What is Microclimate?

Imagine finding the perfect plant for your yard only to find out it’s not in your growing zone. Heartbroken about the unfortunate news, you go on a search to find something similar. However, you’re having no luck. Nothing looks like that plant or will provide what your little heart desires. Well, what if I told you that the USDA Growing Zones are there to give you an idea of what you can and cannot grow in your zone? What if I also told you I knew a guy that could help you grow the plant that you wanted oh so badly? Well, I would like to introduce you to Microclimate. Microclimate, I would like to introduce you to… um.. [insert your name here please].

What affects Microclimate?

Microclimate is the climate of a very small or restricted area, like courtyards, rooftops, and gardens. Usually, Microclimates climate differs from the climate in the surrounding area. A lot of things can have an effect on Microclimate.

 

Check out the list below and feel free to share it!

According to Southern Living Plants, the USDA Hardiness Zones provide a general guideline for selecting and growing plants in your region but do not consider the unique features of your landscape. Which is completely true. I mean, how is the USDA supposed to know that your entire yard is filled with trees and slopes?  Every plant is not going to thrive the same because of microclimate. Therefore, there are a few tricks and trades that could help you grow certain plants that may not be recommended for your zone. All you have to do is find out how micro climate works and exploit it to your advantage. Which is where I come into play.

How do you manage Microclimate?

You’ve most likely already managed micro climate without even knowing. When you plant a certain plant in an area that gets more shade or gets more sun, means you’ve managed micro climate. Not all parts of your yard are equal. Even if it gets the same amount of sun, doesn’t mean that it’s leveled evenly. Some areas may be prone to more moisture, or some may be closer to pavements and get a little hotter than the rest of your yard. Regardless, you’ve mindlessly created little microclimates; and if you haven’t, here are a few ways to get started.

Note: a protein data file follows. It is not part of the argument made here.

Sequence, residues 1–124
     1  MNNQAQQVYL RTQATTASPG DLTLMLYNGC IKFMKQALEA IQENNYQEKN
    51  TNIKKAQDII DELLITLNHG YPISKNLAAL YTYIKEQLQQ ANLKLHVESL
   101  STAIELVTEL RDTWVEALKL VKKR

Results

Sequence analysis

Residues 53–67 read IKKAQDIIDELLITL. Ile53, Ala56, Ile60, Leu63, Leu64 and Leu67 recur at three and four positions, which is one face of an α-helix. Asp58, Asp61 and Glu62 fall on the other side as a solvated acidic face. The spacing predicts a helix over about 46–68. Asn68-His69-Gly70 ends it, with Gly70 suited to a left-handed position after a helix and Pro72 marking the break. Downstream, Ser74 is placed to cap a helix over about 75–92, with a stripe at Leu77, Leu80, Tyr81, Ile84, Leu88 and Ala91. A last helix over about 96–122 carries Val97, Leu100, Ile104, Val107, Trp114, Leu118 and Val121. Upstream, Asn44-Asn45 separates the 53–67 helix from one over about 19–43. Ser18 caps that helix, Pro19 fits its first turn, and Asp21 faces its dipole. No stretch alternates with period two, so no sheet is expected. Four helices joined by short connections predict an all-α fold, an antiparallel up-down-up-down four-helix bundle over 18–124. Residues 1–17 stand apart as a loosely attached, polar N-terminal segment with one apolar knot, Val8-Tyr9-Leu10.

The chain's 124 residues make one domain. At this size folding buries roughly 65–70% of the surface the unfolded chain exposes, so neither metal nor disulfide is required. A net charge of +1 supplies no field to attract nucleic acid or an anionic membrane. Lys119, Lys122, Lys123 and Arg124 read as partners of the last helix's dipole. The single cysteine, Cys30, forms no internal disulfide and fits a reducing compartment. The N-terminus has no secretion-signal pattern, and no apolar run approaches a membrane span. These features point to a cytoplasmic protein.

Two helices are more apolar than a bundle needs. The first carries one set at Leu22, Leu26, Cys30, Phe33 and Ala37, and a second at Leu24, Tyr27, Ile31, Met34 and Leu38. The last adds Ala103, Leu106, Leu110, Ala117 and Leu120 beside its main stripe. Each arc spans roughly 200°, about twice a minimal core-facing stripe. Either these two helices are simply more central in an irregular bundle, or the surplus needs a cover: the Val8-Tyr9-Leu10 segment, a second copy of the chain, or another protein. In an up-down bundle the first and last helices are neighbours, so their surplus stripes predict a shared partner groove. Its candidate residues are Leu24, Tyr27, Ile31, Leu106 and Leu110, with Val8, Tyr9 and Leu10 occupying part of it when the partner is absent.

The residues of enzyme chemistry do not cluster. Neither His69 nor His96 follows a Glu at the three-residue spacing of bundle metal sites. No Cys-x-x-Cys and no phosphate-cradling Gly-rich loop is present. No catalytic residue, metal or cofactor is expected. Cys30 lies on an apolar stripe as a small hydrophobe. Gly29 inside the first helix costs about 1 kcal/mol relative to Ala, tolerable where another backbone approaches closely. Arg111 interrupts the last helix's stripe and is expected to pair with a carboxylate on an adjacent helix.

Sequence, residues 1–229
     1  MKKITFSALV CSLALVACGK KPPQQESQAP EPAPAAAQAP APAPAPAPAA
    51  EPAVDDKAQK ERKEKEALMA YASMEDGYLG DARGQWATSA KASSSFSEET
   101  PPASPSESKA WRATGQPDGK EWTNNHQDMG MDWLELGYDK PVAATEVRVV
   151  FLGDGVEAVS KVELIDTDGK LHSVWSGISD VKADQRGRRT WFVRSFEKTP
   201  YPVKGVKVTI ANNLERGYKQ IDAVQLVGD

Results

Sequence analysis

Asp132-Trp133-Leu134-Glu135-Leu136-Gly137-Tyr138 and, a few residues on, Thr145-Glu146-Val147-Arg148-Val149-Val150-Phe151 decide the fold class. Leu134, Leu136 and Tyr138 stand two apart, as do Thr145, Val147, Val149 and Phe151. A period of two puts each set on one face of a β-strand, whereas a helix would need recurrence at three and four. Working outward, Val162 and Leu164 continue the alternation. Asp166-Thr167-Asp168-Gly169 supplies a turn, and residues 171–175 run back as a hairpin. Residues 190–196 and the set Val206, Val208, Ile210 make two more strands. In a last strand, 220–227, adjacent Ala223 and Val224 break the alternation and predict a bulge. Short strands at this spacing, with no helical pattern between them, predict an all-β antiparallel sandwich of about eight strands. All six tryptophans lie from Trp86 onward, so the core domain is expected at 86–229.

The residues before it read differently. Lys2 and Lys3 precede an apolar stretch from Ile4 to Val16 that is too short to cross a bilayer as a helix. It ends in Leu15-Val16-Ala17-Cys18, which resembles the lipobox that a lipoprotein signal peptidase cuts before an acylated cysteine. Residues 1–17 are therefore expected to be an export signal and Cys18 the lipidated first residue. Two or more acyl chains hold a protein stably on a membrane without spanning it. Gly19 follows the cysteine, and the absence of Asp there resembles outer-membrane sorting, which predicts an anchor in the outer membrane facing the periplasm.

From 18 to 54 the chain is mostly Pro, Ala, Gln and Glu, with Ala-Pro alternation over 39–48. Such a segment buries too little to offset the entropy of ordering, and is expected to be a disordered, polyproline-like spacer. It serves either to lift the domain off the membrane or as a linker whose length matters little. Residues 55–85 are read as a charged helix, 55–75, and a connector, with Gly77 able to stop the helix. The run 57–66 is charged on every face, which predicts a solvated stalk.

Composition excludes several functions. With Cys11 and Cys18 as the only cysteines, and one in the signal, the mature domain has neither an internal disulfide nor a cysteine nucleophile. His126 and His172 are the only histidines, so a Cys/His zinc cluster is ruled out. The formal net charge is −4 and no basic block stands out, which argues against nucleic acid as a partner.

How to Create Your Own Microclimate

Creating your own micro climate is quite easy.You just have to know how to strategically place them. First, identify the microclimates in your landscape, and then pair them with plants that can capitalize on their unique benefits.

Check out the list below for more great ideas on placement:

It is important to know that some parts of your yard may not be as easy to evaluate. Use these tests to determine which area is best for you and your plants

  1. Outdoor Thermometer
  2. Soil test kits
  3. Moisture Meter
  4.  Sun gauge
  5. wind gauge

 

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Pam
12 years ago I was sitting around, talking with two of my favorite, fellow Plant Geeks. We were trying to figure out why so many, superior plant varieties were not available to the public and were seldom offered in Garden Centers. Instead, the stores sold less attractive, older varieties, proven to be disease and insect prone. They also sold the sprays and chemicals that their customers would eventually need. The Ah Ha moment hit us and a company was formed. We decided that we would only offer the highest quality plants that must be Easy to Grow.
  • Emily

    Microclimates are vital for the maintenance of a beautiful garden, each offering an opportunity for individual design and for exploiting creativity through concrete location and counteracting the disadvantages through intelligent plant selection and care. Hills, hedges and trees design protect from the wind if they are in the correct positions and cast shadows that cause slight temperature changes. Also the use of climbing plants on the facade helps to soften the differences of temperature and can be used as protection and barrier against the wind.